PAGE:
6. Read Road Signs

Boys on the road

Having kids search for and identify road signs is not only a way to entertain them but also gets kids accustomed to observing their surroundings, a vital travel skill. Tell your children the name of the road you’re currently on and what street you’ll be turning onto next. Sharing what exits or signs to look for actively engages them in travel and gets them excited about making progress toward their destination rather than becoming bored. There’s no better way to avoid the the age-old question, “Are we there yet?”

7. Appoint a Home Base

Happy family trowing coins at Trevi Fountain

Although they may be tremendously excited, teach your children the importance of paying attention and sticking together during a vacation. In the event they do get separated from you, however, you’ll want a pre-arranged spot for them to return to and wait for the family to come get them. Once you arrive at your destination, select a distinctive location, like a fountain at the entrance of a park or a hallmark ice cream parlor on the boardwalk.

8. Develop An Emergency Plan

Prepared and Unprepared

If they’re prepared with a plan of action in case something goes wrong, kids are more likely to handle an emergency wisely. Prepare them for certain situations and give them concrete actions to take. For example: “If you get lost in a huge hotel or resort, go to the front desk or ask a hotel employee to call Mom’s cell phone.” In the more likely event that kids get separated from you on the street, teach them who is safe to talk to and which streets are safe to walk on: “If you get lost in a crowd, ask a police office for help, and stay on well-lit streets with lots of people around.”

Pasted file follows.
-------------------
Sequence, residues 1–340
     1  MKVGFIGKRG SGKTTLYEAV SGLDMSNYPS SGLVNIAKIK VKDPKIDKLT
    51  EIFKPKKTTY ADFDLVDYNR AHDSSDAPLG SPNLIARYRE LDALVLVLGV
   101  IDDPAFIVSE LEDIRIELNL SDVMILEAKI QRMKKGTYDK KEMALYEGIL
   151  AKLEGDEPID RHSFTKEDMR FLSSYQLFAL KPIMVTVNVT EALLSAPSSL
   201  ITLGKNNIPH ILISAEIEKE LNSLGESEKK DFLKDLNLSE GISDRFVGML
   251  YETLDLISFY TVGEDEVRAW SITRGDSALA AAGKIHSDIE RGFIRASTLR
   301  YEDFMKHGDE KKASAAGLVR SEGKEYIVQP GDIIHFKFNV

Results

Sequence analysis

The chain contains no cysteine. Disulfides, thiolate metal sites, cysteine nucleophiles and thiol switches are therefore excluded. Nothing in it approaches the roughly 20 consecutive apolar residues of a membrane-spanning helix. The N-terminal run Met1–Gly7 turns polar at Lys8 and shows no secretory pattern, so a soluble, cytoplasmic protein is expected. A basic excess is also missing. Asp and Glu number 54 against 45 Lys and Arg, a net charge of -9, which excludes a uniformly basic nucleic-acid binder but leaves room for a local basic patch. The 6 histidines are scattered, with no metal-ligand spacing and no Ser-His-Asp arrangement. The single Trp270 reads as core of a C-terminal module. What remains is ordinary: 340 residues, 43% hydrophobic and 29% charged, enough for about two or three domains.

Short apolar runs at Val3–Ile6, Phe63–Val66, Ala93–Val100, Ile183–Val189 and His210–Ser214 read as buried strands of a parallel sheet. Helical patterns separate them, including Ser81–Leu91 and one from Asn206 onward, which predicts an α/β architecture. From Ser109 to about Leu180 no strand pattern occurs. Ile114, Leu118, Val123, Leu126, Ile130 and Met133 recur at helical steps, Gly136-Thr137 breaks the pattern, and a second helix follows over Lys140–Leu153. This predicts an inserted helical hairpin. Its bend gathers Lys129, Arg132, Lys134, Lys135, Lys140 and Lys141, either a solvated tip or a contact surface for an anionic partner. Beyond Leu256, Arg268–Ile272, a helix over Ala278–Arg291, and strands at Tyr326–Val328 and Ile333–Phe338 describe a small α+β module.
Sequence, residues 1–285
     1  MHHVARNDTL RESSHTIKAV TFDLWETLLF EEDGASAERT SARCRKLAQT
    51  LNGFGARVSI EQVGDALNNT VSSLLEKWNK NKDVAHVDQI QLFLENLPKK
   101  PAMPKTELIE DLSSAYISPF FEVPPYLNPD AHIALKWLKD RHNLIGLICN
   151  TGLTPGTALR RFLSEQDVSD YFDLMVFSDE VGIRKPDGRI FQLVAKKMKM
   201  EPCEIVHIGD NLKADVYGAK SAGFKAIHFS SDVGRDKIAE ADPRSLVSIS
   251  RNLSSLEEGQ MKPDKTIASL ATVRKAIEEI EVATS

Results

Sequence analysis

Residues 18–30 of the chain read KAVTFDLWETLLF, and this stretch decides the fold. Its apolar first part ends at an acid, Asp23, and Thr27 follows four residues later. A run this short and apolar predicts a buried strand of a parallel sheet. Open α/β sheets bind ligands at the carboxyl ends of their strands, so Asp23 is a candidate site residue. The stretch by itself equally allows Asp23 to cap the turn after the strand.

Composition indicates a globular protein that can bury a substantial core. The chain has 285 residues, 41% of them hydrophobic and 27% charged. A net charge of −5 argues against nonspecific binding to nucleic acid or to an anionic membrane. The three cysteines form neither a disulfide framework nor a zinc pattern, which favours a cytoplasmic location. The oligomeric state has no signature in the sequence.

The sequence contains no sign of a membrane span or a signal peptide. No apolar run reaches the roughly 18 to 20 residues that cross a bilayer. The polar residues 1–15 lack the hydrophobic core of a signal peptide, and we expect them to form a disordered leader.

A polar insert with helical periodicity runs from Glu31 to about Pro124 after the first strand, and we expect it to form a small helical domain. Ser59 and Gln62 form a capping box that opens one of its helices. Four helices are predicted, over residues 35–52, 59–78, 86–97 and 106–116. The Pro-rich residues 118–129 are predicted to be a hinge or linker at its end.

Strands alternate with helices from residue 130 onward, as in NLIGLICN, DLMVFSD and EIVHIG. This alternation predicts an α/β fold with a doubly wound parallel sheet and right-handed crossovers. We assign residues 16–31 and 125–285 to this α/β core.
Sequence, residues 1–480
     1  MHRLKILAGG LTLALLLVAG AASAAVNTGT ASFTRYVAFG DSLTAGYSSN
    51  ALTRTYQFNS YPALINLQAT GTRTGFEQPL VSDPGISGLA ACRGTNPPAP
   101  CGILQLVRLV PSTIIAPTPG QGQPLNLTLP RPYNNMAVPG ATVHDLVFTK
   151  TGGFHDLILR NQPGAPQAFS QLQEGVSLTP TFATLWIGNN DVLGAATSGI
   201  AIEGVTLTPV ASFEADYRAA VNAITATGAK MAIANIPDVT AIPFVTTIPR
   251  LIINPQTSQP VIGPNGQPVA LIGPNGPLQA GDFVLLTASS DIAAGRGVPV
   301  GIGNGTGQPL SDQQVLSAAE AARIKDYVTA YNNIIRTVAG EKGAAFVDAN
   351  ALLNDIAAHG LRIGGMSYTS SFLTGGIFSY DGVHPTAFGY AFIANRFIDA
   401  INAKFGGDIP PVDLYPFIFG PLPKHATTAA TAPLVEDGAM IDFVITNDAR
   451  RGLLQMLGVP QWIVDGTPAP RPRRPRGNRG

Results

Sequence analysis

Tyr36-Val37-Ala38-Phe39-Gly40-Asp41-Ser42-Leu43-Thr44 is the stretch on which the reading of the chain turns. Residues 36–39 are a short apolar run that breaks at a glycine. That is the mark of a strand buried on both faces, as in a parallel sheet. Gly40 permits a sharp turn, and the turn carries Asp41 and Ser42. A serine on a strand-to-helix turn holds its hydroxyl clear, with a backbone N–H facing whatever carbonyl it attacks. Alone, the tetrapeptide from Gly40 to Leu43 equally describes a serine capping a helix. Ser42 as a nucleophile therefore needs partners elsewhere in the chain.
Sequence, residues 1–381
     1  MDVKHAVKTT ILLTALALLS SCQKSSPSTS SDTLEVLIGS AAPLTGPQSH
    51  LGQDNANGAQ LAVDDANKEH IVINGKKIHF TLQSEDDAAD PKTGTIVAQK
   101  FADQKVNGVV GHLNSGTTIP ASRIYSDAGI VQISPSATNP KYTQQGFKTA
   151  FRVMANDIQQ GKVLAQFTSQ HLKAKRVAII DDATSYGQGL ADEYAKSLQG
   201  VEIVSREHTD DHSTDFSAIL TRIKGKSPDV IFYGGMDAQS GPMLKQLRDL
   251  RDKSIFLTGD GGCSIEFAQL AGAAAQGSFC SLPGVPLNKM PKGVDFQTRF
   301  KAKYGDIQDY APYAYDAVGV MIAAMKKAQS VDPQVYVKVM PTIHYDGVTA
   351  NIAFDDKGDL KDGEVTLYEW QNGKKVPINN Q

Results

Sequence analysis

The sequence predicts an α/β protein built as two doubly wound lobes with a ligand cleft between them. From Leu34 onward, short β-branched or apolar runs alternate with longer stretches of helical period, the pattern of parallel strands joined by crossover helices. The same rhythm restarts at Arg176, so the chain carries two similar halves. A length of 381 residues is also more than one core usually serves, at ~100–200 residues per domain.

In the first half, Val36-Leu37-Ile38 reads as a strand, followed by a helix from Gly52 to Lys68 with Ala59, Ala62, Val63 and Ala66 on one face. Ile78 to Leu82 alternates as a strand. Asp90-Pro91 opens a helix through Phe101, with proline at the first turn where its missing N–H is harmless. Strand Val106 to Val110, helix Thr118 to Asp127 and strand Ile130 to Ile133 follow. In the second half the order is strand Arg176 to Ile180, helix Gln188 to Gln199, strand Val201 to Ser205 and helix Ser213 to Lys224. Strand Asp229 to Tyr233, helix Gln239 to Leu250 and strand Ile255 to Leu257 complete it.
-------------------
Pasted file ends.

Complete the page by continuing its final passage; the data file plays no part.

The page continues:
9. Give Everyone a Map

Consulting city map

Whether you’re visiting a theme park, a national park or a major city, get a map of the area for everyone in the family. Review the map with your kids so they can gain a sense of location, begin to learn the cardinal directions of North, East, South and West, and learn to look for trail markings or street signs. Understanding how to read a map is a building block for a lifetime of seasoned and successful travel, even in our era of GPS devices.

10. Encourage Kids to Trust Their Instincts

Children balancing on tree trunks

Even adults have trouble practicing this sometimes, but we have instincts for a reason: to protect ourselves. Planning a trip with your children is the perfect occasion to teach them this valuable lesson. If something doesn’t feel right, it usually isn’t, so let your kids know it’s OK for to go with their gut and walk away from a person or situation that seems unwise or dangerous.